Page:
To mothers everywhere, I wish us a world of peace.

On the Road – A spec-fiction-prompt break.

Some of you might remember my hectic October when my brother and I were responding to our parents’ emergency health challenges. Since then, we’ve been trying to find senior housing near us and a spot finally opened up. Months of waiting flipped overnight into a flurry of urgent activity.

Not a happy cat!

I’ll be flying to Colorado tomorrow to pack their house, make trips to the dump, talk to a realtor, arrange for a UHaul, move my parents (and their cats!), and get them settled into their new apartment a thousand miles from the place they call home. The to-do dragon is a mile long and will surely grow horns and a tail.

Needless to say, this is going to take a few weeks. I’m practicing serenity as well as making time to accomplish my tasks with patience, care, and kindness.

I have posts prescheduled in order to finish sharing March’s Speculative Fiction stories and poems. I’m going to close comments, so please click through to the writers’ sites to comment on the stories.

We’ll wrap up the Ninny Rhino challenge with a blog party (you’re all invited), and I’ve got some lovely blog shares planned as well as a couple reposts. You won’t even notice that I’m gone. Lol.

With all this going on, I’ve decided not to post a prompt for April (sigh). I just wouldn’t be able to give it the proper attention it requires.

But, we’ll resume in May – so get your steampunk hats on!

I’ll be visiting and checking in as I’m able. Happy Writing and have a few wonderful weeks of spring (or autumn). Peace ❤

It’s my birthday and I’ll write if I want to

Turning 60 today. Holy Moley. Yipes.

But I’m 24 on the inside. So there, Father Time!

**

To celebrate, I wrote my first Etheree for Colleen’s #Tanka Tuesday. As part of the challenge, we had to use synonyms of the words begin and fresh.

Journeys

new

babies

toothless smiles

fawn-eyed wonders

how swiftly they spring

from smooth mud-pie fingers

into school girls and lovers

clasped heartbeats of newborn mothers

journeys mapped in our parchment wrinkles

to rock sweet babies in grandmother’s arms

 

My bossy muse returns

The muse’s latest look (all images from pixabay)

My muse and I have a love/hate relationship. She’s a shapeshifter, and she isn’t known for her sweetness or patience, so I’m not sure what to expect when I open my writing room door.

I know she’s there because of the howler monkey roaring at me from the banister of the outside staircase (and I don’t live near a jungle). “Shoo, shoo,” I order, flapping a hand. I slip past and shut the door before the beast tries to bite or groom me.

A glaive

The muse is sitting on my futon, flipping a knife, a pistol-thing in a holster at her hip. Against the wall rests a double-bladed glaive that looks like it could take my head off, maybe twice. My instincts tell me to take my chances with the monkey.

“How’s the book coming?” She arches an eyebrow. Sarcasm leaches from her pores.

I lean on the door, arms crossed. “I had a hectic summer.”

She puts her boots up on my coffee table. The knife spins above her head, and she grabs it out of the air before it stabs her. “I’ll give you a pass… this time. But I want some progress. You’ll be participating in NaNoWriMo this year – 50,000 words by the end of November.”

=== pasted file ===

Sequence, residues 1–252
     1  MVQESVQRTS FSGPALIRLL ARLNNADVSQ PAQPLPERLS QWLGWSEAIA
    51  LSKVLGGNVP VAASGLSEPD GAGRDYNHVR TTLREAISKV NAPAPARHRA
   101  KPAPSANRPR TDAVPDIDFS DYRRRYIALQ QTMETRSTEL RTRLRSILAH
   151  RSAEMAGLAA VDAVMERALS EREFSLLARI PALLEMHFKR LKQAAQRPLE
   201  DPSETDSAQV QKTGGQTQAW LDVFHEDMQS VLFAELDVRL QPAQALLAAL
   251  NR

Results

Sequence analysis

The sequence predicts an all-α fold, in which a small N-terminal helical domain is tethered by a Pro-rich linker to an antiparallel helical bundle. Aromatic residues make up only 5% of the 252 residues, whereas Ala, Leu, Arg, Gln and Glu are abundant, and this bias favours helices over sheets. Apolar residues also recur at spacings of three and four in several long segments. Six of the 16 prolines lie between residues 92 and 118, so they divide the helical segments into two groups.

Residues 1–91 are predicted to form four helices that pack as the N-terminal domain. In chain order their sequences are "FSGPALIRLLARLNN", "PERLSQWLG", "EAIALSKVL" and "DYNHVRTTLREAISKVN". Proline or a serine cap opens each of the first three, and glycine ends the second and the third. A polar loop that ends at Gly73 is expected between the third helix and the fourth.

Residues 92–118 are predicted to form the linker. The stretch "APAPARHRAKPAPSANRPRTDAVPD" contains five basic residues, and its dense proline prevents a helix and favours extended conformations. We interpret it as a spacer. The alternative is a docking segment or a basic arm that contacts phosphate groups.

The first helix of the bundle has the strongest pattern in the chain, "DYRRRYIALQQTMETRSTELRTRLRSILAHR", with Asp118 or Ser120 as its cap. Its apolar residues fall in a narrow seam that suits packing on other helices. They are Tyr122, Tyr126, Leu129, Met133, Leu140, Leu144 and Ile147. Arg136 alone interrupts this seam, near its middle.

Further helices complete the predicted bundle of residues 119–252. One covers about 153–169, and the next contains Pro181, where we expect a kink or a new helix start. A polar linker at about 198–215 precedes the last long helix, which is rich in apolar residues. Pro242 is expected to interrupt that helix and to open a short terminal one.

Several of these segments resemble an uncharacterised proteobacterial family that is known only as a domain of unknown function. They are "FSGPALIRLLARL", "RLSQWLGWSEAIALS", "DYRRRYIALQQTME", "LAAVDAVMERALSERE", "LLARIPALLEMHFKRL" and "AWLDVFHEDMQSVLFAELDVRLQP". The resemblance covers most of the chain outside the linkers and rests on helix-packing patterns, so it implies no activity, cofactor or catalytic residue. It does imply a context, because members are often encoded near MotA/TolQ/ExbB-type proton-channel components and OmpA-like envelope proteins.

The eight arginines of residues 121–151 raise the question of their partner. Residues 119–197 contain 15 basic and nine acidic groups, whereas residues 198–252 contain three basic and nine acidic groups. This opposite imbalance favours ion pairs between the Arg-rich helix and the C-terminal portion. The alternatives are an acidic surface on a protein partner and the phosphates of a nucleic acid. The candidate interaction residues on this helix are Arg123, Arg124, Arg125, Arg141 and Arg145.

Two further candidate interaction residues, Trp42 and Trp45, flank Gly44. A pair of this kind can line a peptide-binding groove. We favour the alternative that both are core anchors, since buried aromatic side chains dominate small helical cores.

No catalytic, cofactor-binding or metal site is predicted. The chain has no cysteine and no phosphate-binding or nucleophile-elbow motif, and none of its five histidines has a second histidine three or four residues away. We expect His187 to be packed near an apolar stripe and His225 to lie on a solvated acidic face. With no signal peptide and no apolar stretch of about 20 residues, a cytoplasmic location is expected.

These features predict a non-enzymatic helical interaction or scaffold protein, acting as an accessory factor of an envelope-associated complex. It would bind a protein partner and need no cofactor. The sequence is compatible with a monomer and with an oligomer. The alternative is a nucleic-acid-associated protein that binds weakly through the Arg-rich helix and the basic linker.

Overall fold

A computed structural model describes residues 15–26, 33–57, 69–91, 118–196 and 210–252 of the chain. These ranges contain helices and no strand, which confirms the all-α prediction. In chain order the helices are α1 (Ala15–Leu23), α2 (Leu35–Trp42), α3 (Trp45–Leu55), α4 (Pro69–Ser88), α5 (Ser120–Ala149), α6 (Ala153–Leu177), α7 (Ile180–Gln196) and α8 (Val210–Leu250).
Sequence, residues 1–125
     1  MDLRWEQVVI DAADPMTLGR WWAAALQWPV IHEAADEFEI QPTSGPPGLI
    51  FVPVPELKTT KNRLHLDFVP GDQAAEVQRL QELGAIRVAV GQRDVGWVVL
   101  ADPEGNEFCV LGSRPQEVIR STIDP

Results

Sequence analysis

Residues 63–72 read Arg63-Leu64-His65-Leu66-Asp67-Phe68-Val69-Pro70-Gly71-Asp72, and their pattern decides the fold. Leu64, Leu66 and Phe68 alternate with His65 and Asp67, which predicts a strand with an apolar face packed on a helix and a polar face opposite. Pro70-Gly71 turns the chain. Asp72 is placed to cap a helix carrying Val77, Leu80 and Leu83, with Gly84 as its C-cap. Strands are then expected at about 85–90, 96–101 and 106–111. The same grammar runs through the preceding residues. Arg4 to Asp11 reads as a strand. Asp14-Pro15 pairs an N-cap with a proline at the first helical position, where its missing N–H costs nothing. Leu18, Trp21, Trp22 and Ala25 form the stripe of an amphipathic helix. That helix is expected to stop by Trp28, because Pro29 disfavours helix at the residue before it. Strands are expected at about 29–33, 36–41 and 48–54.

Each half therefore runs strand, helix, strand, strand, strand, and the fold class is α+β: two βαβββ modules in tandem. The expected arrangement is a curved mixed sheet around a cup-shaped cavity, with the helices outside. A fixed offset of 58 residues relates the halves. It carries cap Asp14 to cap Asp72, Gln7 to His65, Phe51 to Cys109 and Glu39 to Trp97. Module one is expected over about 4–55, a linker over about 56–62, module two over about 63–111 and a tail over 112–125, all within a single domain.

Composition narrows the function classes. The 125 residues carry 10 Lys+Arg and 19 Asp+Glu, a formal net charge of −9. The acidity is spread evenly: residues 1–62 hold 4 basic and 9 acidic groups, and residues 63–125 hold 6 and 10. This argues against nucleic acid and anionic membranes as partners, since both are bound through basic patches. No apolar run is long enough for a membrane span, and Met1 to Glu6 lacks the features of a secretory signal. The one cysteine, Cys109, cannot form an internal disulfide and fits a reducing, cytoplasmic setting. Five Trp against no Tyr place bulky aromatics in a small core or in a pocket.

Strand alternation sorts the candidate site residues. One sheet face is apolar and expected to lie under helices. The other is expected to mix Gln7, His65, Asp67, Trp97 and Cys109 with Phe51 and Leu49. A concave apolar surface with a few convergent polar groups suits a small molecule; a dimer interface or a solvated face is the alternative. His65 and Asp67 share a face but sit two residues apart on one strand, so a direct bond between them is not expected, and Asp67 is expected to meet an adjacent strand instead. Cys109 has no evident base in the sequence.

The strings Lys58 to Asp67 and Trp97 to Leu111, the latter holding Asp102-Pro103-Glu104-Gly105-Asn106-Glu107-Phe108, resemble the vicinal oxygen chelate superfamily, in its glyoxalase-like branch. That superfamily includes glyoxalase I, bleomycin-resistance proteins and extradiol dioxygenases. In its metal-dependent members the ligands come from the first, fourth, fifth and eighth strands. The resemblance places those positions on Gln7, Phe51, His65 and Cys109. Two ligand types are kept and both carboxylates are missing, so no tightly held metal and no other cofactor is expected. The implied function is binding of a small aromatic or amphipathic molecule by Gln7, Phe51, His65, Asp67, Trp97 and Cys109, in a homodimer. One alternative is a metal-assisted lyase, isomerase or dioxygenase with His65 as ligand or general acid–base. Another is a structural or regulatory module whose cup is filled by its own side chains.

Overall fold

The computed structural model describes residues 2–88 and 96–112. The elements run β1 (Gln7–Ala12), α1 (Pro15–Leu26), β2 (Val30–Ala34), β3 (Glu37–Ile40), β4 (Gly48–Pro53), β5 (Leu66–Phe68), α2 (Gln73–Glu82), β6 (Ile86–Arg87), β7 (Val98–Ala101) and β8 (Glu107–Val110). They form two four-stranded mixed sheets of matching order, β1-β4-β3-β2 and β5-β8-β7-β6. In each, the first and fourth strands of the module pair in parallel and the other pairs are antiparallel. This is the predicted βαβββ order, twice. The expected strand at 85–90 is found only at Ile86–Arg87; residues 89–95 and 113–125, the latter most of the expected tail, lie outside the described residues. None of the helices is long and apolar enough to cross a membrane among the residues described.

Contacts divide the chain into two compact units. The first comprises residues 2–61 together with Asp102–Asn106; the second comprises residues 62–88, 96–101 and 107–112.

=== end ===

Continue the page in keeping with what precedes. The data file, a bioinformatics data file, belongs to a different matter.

I wrinkle my nose into my “stinky-smell” face while panic flutters in my chest like a caged sparrow. “You realize that November is tomorrow. I haven’t prepped. I haven’t even signed up. I barely have an outline. And need I remind you, NaNo is a ton of work!”

“So, get over it.” She practically rolls her eyes. “You’re a writer. Writing is a ton of work.”

“I know, but I’m having trouble even envisioning this story. Your suggestion of goblins and shapeshifters isn’t clicking. It’s not my thing.”

“Trust me.” She gives me a sly grin full of evil, musey intent.

“Can I fire you?” I ask, only half-joking.

She ignores me and sheaths her knife. “I want you to add elves to the mix.”

“Elves?” Now she’s struck a nerve. I pretend to gag. “That’s your solution? Ugh. I don’t even like elves. Their too Tolkien, too… elfish. I love Tolkien, but… ugh. I’d feel like I’m writing a spin-off. Ugh, yuck.”

My muse sighs at my immaturity. “You don’t write spin-offs.”

I still can’t get the elf-taste off my tongue, but since that sounded like a compliment of sorts, I cease gagging and plop down beside her. “Thank you, but elves?”

“What do you have against elves?” She tucks a lock of hair behind her pointed ear, and I groan. “It’s not like I’m insisting on dwarves.”

“Dwarves? As in Thorin and Balin, or gnomes with red hats? Even worse! Thank you for not ruining my life. Elves are bad enough. Yeesh.” I’m starting to feel incredibly cranky under all this pressure. “And what’s with the gun thing? I don’t write guns either.”

“It’s a pulser.” She pulls it from her holster and rests it on the table. “I’ll leave it to you to figure out how it works as well as its limitations. I want you to stretch, Peach. Write something different, something challenging.”

I slouch and put on my grumpy face. “Shapeshifters, goblins, and elves, oh my.”

She smirks and gives my shoulder a hearty shake before rising to her feet and grabbing her glaive. “Once you get started, I’ll help. It’s my job.” She opens the door, and the howler jumps into her arms.

While she clomps down the stairs, I stand at the banister outside my door. Through the dense trees, dawn’s thin light is green and liquid. The monkey barks at me from my muse’s arms, and another annoying thought pops into my head. I have to ask. “And I suppose one of the settings is a jungle? You know I’ve never lived in a jungle.”

“That’s called research,” she yells and glances at me over her shoulder, wicked half-smile curling her lips. “Have fun.”

She fades into the forest. I shut the door, open my laptop, and google NaNoWriMo. Ready or not, time to sign up.

***

My blogging time will be a bit sparse this month. But I’ve got some ideas up my sleeve too. Elves? Really? Happy Writing!